Sunday, August 4, 2013

A Little Something Extra...Eighteenth Sunday in Ordinary Time

The Right Kind of Treasure

Today's readings nudge us to adjust our focus. They present some important questions and invite us to answer them honestly. How attached are we to the things of this world? Where do we keep our treasures? Do we understand that our time on earth is limited? Is Christ the center of our lives? 

First Reading – Ecclesiastes 1:2; 2:21-23

The author of Ecclesiastes, Qoheleth, often seems like a gloomy sort of fellow with a cynical outlook on life, but he also makes some good points. In today's reading, he exclaims, “Vanity of vanities! All things are vanity!” The Hebrew word for vanity is hăbêl. Other possible translations include breath, vapor, emptiness, futility, uselessness, nothingness, worthlessness, meaninglessness, and delusion. Compared to the things of God, the things of this earth are all of that...mere vanity. 

Qoheleth continues, reminding us that all the material things we have worked so hard for will eventually belong to someone else. We will have toiled and worried for nothing if we put all our focus on the things of this world. They will one day be lost to us forever. 

Psalm 90

In the same vein, the psalm teaches us that we must “number our days aright.” We are, after all, mere dust, and to dust we will one day return. We pass away as quickly as grass when we consider God's point of view. Our time on earth is short, and we must use it rightly, to gain “wisdom of heart” and true joy.

Second Reading – Colossians 3:1-5, 9-11

After hearing so much about how vain and fleeting our earthly lives are, we might be feeling a little depressed by this point. St. Paul has the cure. “If you were raised with Christ, seek what is above,” he says, “where Christ is seated at the right hand of God. Think of what is above, not of what is on earth.” We need to focus on Christ, not on our earthly lives or material things. 

St. Paul continues, “For you have died, and your life is hidden with Christ in God. When Christ your life appears, then you too will appear with Him in glory.” At our Baptism, we died with Christ. We received a share in His saving sacrifice. If we remain in a state of grace, we are in God, and God is in us. This is the focus of our lives, Christ in glory and God in us.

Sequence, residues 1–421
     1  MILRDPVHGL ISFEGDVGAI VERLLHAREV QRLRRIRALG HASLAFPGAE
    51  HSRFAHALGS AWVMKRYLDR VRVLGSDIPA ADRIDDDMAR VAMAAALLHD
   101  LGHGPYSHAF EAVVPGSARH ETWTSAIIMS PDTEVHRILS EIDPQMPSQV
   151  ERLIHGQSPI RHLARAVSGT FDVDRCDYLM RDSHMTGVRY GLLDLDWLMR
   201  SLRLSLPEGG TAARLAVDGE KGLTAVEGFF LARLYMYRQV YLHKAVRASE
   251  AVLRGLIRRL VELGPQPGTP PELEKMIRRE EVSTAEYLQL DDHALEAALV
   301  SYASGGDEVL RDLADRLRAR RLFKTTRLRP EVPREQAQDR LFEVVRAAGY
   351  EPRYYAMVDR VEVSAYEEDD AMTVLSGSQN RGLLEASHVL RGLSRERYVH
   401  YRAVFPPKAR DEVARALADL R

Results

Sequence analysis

We must, therefore, act accordingly. “Put to death, then, the parts of you that are earthly: immorality, impurity, passion, evil desire, and the greed that is idolatry,” Paul orders. “Stop lying to one another, since you have taken off the old self with its practices...” We are new creatures in Christ, and Christ ought to be our “all in all.” 

Gospel – Luke 12:13-21

In today's Gospel, a member of the crowd approaches Jesus and asks Him for a favor: “Teacher, tell my brother to share the inheritance with me.” Jesus probably sighs a little bit at this request, which is so focused on earthly things, but He turns the incident into a teaching moment. “Friend,” He replies, “who appointed Me as your judge and arbitrator?” Then He speaks to the crowd, “Take care to guard against all greed, for though one may be rich, one’s life does not consist of possessions.” Material things are not the be-all-end-all of life. There is so much more. 

Jesus continues with a parable. A rich man's lands produce a “bountiful harvest.” He is pleased, of course, but he soon discovers that his barns will not hold his latest crop. He makes a plan; he will tear down his old barns and build bigger ones to hold all his wonderful possessions. Satisfied, he says to himself, “Now as for you, you have so many good things stored up for many years, rest, eat, drink, be merry!” But his enjoyment is short lived. That very night, God calls to him, “You fool, this night your life will be demanded of you; and the things you have prepared, to whom will they belong?” His excellent harvest and many possessions no longer mean anything at all. They will pass on to someone else, and the rich man will face God empty-handed.

“Thus will it be,” Jesus concludes, “for all who store up treasure for themselves but are not rich in what matters to God.” How do we become rich in what matters to God? We must become rich in love. We must put the things of this earth in their proper place and honestly answer the questions posed by today's readings. We must put Christ at the very center of our lives. Then we will have the right kind of treasure, the kind stored up for us in Heaven.

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